New dorm rooms also means more triples. But ResLife isn’t calling them “forced triples.”
If you live on Lawn, you can probably hear the power saws from your room. If you don’t, here’s the tip: a whole lot of construction is happening in the Butts. Now that the Career Resource Center and COL/Art History departments have vacated the Butts in favor of 41 Wyllys, ResLife has taken the initiative to snatch up the former office space and build some new dorm rooms.
Here’s the lowdown: there will be new dorm rooms for 92 students. Hallways will become common areas. Each of the Butts will have its own laundry room (no more lugging all your clothes to the Butt B basement). As the Argus reported earlier this semester,
The additional dormitory space is part of a larger plan to increase the student population by 120 undergrads, which the University has been pursuing by increasing acceptances by 30 students each year for the past three years. This goal will be accomplished with the admittance of the class of 2016, and the construction in the Butterfields will help to alleviate the increase in triples in other dorms.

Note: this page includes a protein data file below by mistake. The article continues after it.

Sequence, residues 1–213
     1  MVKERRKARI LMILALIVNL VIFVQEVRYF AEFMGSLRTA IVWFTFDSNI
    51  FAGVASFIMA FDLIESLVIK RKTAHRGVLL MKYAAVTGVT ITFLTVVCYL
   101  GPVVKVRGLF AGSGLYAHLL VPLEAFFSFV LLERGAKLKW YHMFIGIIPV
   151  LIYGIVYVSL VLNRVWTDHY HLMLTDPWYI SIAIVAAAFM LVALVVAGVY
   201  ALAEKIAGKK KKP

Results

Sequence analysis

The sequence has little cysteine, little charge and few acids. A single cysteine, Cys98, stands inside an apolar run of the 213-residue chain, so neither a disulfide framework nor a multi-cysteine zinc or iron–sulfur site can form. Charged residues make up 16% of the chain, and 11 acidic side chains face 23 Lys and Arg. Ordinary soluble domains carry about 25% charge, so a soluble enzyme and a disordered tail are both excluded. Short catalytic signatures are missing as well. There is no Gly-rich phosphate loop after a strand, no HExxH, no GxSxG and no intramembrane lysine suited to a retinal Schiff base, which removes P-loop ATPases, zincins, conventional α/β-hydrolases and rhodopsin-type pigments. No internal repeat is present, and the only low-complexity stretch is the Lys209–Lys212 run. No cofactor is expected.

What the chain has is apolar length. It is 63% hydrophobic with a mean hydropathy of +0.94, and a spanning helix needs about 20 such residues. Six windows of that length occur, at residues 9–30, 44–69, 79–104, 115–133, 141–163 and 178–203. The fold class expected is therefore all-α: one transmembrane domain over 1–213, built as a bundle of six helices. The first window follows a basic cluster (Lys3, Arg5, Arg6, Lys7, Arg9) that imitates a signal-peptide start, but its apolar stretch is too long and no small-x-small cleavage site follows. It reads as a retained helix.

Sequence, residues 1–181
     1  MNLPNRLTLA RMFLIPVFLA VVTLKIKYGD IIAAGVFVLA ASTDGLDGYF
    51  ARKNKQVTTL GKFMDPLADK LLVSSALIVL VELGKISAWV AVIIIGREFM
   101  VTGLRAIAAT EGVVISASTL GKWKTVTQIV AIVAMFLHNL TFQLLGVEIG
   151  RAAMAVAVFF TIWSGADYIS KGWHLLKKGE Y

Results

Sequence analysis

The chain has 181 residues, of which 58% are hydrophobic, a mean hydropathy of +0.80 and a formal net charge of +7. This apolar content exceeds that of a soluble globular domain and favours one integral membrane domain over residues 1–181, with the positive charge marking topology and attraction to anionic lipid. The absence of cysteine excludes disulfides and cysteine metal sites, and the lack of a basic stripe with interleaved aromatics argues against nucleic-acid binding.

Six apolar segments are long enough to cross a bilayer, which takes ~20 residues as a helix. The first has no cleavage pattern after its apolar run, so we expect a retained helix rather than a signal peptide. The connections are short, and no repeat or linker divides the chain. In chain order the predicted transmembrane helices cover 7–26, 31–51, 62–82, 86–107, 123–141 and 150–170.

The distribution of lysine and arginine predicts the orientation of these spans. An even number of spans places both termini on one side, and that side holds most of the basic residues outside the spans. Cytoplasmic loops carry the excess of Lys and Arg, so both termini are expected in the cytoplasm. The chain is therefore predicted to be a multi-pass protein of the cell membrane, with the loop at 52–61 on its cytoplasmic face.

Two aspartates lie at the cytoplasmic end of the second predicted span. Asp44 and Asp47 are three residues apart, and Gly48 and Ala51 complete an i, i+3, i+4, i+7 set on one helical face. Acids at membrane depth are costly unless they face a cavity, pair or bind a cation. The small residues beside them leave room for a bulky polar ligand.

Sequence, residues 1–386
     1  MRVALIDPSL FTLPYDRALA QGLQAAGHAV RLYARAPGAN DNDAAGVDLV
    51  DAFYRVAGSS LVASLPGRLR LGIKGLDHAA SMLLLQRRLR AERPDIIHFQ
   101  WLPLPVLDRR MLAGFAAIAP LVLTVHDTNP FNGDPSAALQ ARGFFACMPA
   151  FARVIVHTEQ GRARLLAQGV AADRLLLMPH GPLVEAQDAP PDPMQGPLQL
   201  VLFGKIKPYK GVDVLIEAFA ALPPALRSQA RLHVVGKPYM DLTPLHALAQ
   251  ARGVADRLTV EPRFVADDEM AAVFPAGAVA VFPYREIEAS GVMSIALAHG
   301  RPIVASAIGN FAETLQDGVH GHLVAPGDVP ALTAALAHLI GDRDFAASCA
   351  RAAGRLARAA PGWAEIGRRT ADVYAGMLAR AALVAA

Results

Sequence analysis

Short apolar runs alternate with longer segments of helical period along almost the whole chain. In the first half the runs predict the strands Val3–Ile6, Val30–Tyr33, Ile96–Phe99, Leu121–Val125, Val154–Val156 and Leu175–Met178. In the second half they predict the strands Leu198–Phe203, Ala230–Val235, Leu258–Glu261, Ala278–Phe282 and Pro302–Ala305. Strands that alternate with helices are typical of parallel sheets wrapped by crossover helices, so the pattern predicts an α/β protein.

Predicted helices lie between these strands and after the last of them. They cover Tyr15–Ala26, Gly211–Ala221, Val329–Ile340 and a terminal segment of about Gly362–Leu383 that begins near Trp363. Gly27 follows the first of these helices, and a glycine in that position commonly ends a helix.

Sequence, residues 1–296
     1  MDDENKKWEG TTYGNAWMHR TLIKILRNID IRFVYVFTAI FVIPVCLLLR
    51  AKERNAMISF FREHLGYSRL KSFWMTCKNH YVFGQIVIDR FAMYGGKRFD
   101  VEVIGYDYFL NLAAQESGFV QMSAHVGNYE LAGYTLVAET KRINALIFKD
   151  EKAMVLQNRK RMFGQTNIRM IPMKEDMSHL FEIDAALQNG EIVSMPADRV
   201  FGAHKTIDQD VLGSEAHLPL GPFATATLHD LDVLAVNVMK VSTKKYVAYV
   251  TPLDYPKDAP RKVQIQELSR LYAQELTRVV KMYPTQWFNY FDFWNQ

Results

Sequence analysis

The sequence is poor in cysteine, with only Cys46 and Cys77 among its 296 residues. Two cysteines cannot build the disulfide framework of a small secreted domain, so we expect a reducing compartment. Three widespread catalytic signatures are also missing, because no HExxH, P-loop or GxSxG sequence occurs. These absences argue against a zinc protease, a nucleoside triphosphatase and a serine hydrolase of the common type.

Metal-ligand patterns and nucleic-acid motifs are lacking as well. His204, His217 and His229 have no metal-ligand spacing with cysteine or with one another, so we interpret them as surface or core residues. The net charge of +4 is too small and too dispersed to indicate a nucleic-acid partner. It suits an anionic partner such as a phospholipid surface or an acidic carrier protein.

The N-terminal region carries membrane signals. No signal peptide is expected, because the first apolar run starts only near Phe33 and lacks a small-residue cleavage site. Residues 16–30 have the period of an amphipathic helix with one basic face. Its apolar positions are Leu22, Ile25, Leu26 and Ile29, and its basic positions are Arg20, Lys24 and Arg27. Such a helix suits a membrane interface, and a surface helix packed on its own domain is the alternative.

Buckle in, 2016—you’re going to be
the biggest class yet another big class, and a whole lot of you will be in triples. You won’t be getting compensated for it, either. As Director of ResLife Fran Koerting explained to me via email, the new triples in the Butts will be sized specifically for the purpose. Consequently, “students in triples will no longer receive a discount nor a point adjustment now that we are able to use rooms that are larger than a traditional double.” Current triple-dwellers: any thoughts on the matter? Since only eight of the new dorm rooms are triples, there’s no word on how this policy will affect frosh assigned to less luxurious triples. (Edit: Fran writes in to clarify: “The other 22 rooms we will be using are triples we have used in the past that are larger than traditional doubles, such as the larger corner rooms in Clark and the triple in Westco, as well as the larger triples we have used in Butterfield.”)
Click past the jump for a brief interview with Koerting about the construction and a gallery of the construction site.